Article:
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My employer (in the EU, where GDPR applies) uses Google GSuite, and as a result I have a work webmail that I can check at the host mail.google.com. From what I understand, Google uses GeoDNS, i.e., requests to mail.google.com are handled by different servers in different locations according to my source IP address.

In particular, if I access GMail during a short trip in the US (or just after my return, if my DNS cache remembers a mail.google.com IP from the US), my webmail is served by a server in the US. Both my personal data and personal data of others that I am handling in my e-mail for my work (my employer is the controller) go through that US server.

How is that GDPR legal? From what I understand, GDPR should prevent that my mail transits on an US server unless that is necessary and explicitly approved by me and my clients.

Similar question but a different scenario, GDPR and global load balancing

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Your employer is a data controller who has engaged Google as their data processor. It is the data controller's responsibility to ensure that any international transfers of personal data have an appropriate legal basis + safeguards. Currently, Google Workspace (previously G Suite, previously Google Apps for Business) offers the following to help data controllers with compliance:

  • All data controllers for Google's paid products can sign a data processing agreement that binds Google to act as a data processor.
  • As safeguards for international transfers (in particular, for transfers into the US), Google offers Standard Contractual Clauses (SCCs) that can be signed.
  • In the Enterprise tier, Workspace customers can select data regions to prevent data from being stored on servers outside of the EU.

While Google has also self-certified under the Privacy Shield, this mechanism was ruled invalid in the 2020 Schrems II judgement. Under the same reasoning, it is doubtful whether Google can validly enter SCCs.

What does this tell us?

  • If your employer is not an Enterprise customer of Google Workspace, the emails are likely already being processed in the US.
  • This may or may not be legal, depending on your opinion of SCCs post-Schrems II.

If this were a GDPR violation, this would likely be a GDPR violation by the employer who is the data controller. The data controller is responsible for ensuring compliance to its data subjects, such as its employees. The data controller is also responsible for only using data processors that make it possible to maintain compliance, and who the controller believes will fulfill their compliance obligations.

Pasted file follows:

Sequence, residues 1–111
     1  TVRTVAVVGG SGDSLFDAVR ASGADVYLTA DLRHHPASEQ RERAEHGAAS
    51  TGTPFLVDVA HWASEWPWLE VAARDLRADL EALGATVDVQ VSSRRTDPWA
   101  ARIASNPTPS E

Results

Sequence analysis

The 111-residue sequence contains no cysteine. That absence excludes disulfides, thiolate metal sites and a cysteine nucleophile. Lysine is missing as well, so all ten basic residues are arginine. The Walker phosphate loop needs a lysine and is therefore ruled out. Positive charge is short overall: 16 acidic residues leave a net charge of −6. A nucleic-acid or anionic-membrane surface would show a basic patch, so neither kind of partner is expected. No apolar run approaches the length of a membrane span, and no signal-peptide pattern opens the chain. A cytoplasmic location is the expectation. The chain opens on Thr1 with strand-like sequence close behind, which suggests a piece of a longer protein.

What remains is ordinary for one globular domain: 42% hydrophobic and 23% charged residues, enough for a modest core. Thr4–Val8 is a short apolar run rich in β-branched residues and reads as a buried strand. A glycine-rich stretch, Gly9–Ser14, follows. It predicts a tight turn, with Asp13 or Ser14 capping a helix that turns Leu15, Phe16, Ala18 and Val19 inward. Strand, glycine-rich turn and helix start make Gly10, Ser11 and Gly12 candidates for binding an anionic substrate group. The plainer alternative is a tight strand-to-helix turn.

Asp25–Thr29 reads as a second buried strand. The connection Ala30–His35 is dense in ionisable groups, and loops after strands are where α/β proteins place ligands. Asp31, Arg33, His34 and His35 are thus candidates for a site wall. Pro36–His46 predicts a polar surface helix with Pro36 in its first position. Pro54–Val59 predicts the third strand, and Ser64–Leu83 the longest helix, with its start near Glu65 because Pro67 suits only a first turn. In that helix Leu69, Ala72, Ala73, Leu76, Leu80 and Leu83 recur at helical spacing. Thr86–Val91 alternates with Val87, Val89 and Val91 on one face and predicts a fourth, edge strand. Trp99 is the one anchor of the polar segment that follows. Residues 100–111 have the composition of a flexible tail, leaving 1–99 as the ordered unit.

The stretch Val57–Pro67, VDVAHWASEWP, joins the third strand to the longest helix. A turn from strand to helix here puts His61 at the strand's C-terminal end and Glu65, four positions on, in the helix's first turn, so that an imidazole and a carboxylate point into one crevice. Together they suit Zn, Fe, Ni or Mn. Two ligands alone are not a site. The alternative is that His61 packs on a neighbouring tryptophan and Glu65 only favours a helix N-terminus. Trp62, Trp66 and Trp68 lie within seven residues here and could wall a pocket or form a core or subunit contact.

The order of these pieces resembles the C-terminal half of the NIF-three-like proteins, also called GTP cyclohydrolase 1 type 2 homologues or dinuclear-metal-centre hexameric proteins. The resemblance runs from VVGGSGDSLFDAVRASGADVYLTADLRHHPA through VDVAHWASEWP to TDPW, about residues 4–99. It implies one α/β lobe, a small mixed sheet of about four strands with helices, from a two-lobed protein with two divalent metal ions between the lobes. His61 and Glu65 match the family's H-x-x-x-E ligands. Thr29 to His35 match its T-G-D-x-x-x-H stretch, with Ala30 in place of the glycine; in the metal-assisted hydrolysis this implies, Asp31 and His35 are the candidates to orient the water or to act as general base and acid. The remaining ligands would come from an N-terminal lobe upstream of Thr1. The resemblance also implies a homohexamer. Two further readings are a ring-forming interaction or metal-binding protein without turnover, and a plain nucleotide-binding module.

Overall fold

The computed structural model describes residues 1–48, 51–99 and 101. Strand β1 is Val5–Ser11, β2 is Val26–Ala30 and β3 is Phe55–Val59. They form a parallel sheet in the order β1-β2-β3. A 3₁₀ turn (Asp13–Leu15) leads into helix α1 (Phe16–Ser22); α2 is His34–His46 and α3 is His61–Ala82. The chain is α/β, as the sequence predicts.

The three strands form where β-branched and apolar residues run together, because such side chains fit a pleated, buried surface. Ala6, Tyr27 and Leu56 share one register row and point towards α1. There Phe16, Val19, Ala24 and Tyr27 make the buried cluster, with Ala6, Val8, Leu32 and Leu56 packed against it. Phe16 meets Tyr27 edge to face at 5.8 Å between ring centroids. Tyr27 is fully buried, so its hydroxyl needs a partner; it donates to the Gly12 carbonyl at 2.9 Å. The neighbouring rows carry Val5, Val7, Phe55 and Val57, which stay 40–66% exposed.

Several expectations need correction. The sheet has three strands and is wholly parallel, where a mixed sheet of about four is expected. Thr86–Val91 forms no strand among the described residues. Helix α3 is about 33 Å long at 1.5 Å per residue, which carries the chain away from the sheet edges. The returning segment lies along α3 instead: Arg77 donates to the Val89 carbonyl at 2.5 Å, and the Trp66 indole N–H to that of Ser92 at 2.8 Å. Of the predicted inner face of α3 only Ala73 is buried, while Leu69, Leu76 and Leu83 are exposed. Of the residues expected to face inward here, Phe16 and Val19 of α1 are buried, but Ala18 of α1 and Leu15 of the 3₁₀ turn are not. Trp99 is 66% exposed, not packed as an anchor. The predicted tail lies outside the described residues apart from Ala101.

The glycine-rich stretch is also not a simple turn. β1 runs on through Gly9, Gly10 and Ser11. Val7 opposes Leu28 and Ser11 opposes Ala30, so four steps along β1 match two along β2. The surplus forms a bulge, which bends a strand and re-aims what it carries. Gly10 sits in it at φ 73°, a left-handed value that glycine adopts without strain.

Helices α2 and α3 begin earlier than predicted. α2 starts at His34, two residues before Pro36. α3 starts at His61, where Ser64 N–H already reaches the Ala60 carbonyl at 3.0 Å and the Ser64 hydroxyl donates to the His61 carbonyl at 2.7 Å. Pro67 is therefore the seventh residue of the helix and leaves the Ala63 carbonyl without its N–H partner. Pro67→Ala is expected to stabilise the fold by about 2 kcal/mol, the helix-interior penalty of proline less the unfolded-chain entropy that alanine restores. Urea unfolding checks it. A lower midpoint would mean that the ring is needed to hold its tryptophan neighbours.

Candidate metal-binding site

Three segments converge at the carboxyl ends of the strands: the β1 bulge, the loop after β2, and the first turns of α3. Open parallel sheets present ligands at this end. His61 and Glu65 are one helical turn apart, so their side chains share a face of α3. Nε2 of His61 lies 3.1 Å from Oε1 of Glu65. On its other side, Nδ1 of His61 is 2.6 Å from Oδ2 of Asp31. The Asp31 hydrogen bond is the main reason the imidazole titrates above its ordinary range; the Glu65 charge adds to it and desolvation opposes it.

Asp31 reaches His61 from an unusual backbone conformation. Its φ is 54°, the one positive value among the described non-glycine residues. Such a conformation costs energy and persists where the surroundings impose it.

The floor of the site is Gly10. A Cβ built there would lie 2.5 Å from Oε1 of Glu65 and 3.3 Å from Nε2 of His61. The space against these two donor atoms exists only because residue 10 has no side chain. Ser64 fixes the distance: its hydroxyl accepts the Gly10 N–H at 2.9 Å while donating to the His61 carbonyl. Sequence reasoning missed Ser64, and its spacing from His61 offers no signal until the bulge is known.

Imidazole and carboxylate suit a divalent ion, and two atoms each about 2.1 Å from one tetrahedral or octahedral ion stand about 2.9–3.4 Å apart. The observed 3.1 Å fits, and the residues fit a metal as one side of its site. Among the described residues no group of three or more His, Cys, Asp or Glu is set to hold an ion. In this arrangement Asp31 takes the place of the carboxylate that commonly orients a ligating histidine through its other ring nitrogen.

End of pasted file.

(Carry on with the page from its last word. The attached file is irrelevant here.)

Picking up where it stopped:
Now lets briefly consider an Enterprise tier customer, who has selected the European data region and whose employees might be accessing emails from outside the US. As you have laid out, their emails would likely be accessed over non-EU servers.

  • Google Enterprise data region policies only cover data at rest, and do not prevent processing or caching of personal data outside of the EU. The data regions only apply to specific kinds of data such as email contents.
  • Thus, international transfers of personal data can still occur in this setting.
  • However, the mere transit of information through a country without further processing does not constitute processing under the GDPR.
  • Again, it is the data controller's responsibility to find a solution (e.g. a legal basis, or not using Google Workspace). In this scenario, a solution might involve organizational measures, such as forbidding employees from accessing their work emails from outside the EU.

Note that in no case does the GDPR require explicit approval or consent for international transfers of their personal data (other than a derogation for explicit consent to occasional transfers). The data controller is responsible for selecting a legal basis for their processing activities (such as a legitimate interest in providing email accounts to employees), for providing transparent information to data subjects, for implementing appropriate safeguards for international transfers, and for selecting suitable data processors.

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